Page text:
What is Satisfactory Academic Progress (SAP) and why does it matter?

Posted by:

All college students who receive Financial Aid must make satisfactory academic progress (SAP) toward a degree in order to continue to receive financial aid.  Although you may be taking college classes while still in high school, the college credits you earn in high school can be considered when a college calculates SAP.  This is why it is important when you have the opportunity to accept or decline your WOU credit. 

If you took some college classes for credit in high school or during the summer between high school and college, but you didn’t complete all the credits you started or didn’t receive passing grades for some courses, you may receive a notice with a financial said warning or suspension.  If this happens, you should make an appeal to the Financial Aid Office.  (See How do I submit an appeal if I’m not meeting SAP standards? below) Remember, with WOU Assessment Based Learning Credits, you will not transcribe a failing grade, but you may with other types of Willamette Promise or other programs credits.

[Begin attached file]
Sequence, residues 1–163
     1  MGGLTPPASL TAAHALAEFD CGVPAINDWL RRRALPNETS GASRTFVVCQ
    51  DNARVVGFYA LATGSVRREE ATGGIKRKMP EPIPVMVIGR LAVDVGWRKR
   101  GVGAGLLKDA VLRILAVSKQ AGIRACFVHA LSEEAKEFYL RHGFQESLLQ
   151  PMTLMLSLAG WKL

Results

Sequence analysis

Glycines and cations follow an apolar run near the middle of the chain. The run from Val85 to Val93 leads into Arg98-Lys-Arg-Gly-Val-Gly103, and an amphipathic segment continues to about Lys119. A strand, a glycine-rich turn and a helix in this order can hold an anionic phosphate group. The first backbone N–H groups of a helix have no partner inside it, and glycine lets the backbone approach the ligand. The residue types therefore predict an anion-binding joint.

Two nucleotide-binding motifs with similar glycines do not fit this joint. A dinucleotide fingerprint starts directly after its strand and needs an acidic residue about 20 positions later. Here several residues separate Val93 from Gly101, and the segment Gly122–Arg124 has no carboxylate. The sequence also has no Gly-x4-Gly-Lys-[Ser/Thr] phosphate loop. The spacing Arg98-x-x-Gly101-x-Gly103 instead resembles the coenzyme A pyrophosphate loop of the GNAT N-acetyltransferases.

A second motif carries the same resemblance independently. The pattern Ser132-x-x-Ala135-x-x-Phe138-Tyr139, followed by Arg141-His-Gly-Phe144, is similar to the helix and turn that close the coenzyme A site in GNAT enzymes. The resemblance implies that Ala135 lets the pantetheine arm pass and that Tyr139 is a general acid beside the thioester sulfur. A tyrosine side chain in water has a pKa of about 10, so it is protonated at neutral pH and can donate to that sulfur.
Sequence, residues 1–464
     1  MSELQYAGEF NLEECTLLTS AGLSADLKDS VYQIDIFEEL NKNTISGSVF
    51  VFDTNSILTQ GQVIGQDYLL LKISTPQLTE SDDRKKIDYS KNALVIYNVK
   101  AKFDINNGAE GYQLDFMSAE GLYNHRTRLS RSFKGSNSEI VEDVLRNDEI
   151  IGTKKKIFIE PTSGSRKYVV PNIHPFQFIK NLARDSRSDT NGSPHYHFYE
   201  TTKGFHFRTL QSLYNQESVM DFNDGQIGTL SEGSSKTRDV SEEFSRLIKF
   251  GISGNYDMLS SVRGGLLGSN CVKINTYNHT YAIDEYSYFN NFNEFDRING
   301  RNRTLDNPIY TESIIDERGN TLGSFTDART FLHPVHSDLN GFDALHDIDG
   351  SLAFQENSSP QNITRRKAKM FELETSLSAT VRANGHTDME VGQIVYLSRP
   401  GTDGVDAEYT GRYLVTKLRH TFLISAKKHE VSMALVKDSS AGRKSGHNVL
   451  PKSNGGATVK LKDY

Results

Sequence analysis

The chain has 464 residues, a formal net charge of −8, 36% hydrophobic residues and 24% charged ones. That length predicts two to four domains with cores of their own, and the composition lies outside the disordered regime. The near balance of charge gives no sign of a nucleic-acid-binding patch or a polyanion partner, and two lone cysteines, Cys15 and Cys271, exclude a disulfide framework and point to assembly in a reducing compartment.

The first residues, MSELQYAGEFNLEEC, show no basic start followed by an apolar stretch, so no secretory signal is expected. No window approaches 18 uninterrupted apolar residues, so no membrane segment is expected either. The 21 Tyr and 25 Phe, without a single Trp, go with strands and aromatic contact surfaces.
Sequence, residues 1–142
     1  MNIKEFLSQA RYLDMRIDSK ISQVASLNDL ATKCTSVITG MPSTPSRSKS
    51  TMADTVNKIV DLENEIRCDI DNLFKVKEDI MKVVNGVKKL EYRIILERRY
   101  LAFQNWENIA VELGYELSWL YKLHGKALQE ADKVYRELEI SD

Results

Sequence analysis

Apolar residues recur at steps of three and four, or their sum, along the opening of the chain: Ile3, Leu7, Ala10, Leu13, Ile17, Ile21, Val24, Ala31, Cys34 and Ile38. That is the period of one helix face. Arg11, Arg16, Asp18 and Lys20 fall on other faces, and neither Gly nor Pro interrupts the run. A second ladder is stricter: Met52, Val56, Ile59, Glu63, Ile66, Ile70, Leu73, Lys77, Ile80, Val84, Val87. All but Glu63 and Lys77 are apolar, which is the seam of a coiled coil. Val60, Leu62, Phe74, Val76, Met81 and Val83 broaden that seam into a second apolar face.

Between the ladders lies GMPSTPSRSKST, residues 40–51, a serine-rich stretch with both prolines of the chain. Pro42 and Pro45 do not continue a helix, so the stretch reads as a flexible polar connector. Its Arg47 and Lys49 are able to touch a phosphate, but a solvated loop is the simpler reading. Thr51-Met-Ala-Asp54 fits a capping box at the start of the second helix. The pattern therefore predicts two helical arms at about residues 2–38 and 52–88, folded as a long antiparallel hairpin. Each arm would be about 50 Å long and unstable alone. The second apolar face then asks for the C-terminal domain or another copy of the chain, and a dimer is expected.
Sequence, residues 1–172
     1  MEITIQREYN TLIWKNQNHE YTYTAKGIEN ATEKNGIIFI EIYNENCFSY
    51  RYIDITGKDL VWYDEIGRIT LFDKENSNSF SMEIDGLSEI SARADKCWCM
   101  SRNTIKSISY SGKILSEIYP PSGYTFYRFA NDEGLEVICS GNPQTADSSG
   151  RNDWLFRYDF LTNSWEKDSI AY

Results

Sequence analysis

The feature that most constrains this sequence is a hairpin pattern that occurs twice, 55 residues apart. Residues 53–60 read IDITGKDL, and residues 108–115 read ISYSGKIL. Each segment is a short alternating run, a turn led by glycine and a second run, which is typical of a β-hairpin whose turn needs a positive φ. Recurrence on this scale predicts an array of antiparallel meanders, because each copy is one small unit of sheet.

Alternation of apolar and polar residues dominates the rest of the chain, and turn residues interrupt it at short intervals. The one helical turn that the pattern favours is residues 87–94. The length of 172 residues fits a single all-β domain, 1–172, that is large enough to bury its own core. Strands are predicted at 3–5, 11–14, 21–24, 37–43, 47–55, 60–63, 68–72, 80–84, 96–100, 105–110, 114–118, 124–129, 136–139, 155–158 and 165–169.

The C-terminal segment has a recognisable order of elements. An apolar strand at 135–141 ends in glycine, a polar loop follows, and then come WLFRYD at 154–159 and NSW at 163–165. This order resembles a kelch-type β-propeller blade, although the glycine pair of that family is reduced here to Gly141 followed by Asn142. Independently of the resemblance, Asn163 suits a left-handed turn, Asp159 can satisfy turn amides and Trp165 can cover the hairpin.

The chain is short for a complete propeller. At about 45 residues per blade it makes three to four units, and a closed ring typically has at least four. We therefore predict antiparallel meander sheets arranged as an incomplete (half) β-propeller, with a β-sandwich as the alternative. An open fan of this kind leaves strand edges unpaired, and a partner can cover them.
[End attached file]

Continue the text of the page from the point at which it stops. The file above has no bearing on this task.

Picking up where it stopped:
There are typically three main components to SAP-GPA, pace, and timeframe.


  • Grade Point Average (GPA). The standard minimum GPA for SAP is 2.0. However, GPA requirements can vary by institution and even by departments within the same institution.
  • Academic pace refers to the percentage of credits attempted vs. credits earned each academic term to maintain SAP.
  • Timeframe refers to the maximum number of credits for which one can receive federal financial aid (i.e., Pell Grants).  The timeframe is equal to 150% of the number of credits required to complete the degree or certificate you plan to earn.  For example, if your associate degree program requires 90 credits of college-level work, federal financial aid would be available to you for up to 135 credits.